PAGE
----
One example of the silver tableware sets originally sketched out in sugar
Studio Makkink & Bey were asked by Vienna Design Week to create new work for an exhibition on table culture entitled 'Baroque Splendour and Stainless Steel. Table Culture with a Past and a Future.'
They proposed tableware and products in answer to the Habsburg valuables found in the Imperial Silver Collection at the Liechtenstein Museum—a museum exhibiting masterpieces covering five centuries of European art from the collections of Prince Hans-Adam II of Liechtenstein. The show is staged in the special exhibition galleries of the museum until 15th November 2010.Studio Makkink & Bey gave a critical response to the brief and explored the history of sugar, its cost to manufacture and import both today and during the colonial powers of previous centuries. Sugar used to be equally valuable to silver and many affluent citizens were eager to display their wealth by presenting centerpieces entirely made of sugar and by treating their guests to extravagant desserts.
The design studio became a temporary sugar laboratory to test and sketch out objects before casting them in silver. They worked closely with traditional Viennese silverware makers Jarosinsky & Vaugoin and the former court confectioners K.U.K. Demel to create a collection of six tableware sets both of which used to serve the Habsburg family during their reign. The Silver Sugar Spoon exhibit is a 'frozen scenery of a dessert ceremony in a sugar beet field.'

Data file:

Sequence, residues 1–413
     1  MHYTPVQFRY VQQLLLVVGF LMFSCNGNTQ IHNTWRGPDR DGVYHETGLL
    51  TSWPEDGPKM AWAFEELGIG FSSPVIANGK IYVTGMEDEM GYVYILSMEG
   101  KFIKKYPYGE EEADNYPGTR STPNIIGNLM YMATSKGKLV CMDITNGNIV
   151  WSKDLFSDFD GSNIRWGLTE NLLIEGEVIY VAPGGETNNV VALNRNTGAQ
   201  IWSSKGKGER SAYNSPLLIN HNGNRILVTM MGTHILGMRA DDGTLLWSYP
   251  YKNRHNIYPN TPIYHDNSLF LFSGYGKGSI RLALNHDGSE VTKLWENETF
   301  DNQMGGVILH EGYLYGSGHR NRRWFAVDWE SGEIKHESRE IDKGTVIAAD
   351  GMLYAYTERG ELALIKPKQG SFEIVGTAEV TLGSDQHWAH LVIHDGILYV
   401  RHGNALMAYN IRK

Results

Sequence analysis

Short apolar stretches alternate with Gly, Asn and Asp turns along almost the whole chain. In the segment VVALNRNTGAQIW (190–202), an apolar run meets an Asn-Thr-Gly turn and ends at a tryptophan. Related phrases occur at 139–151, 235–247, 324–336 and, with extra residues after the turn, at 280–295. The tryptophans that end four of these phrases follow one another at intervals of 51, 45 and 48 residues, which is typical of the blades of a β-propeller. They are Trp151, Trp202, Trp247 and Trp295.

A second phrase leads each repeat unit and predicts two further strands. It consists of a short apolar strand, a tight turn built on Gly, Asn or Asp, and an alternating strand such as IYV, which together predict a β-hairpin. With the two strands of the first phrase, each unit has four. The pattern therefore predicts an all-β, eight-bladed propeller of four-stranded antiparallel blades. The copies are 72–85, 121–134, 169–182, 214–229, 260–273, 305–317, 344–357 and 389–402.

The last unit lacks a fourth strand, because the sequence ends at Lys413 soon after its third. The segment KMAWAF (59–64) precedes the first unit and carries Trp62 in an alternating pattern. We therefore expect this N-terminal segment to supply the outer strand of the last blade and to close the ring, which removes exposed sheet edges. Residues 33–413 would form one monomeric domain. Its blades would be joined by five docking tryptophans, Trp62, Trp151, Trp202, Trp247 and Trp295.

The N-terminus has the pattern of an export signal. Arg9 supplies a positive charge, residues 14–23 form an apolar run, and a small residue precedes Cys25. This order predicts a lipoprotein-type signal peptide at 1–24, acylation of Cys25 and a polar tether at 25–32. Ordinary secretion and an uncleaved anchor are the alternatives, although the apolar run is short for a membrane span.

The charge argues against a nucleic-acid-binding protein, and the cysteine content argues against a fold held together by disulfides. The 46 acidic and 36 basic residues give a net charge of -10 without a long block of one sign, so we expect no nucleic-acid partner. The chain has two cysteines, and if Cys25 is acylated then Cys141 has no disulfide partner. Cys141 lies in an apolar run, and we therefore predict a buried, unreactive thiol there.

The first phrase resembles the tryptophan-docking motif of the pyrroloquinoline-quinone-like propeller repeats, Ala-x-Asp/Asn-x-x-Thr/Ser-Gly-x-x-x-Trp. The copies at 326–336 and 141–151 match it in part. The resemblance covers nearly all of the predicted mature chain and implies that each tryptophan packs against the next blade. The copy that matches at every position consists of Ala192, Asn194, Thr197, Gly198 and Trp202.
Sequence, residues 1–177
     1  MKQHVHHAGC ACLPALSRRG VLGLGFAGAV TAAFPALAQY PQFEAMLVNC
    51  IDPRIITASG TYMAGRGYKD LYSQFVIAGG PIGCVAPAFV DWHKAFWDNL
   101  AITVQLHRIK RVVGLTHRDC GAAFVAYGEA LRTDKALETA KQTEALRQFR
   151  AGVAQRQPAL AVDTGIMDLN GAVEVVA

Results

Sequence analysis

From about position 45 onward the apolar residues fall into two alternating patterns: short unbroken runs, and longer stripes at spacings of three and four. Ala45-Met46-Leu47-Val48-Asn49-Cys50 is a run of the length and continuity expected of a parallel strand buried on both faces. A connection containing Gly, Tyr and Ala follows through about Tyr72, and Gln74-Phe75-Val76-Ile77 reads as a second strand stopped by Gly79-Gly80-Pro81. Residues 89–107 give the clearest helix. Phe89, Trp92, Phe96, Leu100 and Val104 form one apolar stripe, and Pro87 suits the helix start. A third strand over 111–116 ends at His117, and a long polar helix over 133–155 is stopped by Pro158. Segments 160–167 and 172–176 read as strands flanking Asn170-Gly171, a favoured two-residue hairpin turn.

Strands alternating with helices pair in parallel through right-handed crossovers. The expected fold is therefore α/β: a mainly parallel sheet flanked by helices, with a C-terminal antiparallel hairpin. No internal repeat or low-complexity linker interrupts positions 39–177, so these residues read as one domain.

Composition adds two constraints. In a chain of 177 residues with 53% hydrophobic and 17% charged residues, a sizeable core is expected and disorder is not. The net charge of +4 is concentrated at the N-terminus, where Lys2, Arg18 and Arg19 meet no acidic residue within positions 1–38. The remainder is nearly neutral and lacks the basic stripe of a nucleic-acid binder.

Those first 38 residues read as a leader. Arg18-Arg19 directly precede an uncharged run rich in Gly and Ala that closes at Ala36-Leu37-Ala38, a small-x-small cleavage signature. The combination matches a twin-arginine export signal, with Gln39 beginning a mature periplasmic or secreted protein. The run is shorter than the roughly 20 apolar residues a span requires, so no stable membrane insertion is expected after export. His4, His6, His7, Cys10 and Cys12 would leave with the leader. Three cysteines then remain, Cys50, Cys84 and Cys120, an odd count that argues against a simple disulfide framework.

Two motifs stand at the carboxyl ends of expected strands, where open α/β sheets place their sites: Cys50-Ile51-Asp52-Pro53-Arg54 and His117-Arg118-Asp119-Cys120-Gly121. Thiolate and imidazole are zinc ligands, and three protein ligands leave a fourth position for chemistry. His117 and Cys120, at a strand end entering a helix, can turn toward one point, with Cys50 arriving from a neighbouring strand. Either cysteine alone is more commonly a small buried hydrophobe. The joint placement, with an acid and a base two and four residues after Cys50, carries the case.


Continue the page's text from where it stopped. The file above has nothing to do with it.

The collection was laid out on to a tablecloth embroidered with images and quotes depicting the history of sugar. A carpet of forty two square meters lies around the tablecloth and according to the text is 'equivalent to the forty-two kilos of sugar consumed, per person in Austria every year (each kilo of sugar requires one square metre of ground to be produced)'
In the centre of the installation is a large vase containing a flower arrangement made purely from sugar. Even the silhouette of the vase reflects the shape of a desert spoon. The vase in the centre of tablecloth creates an optical illusion and transforms the deformed imagery set around the vase into its original form ( an optical illusion known as anamorphic rendering).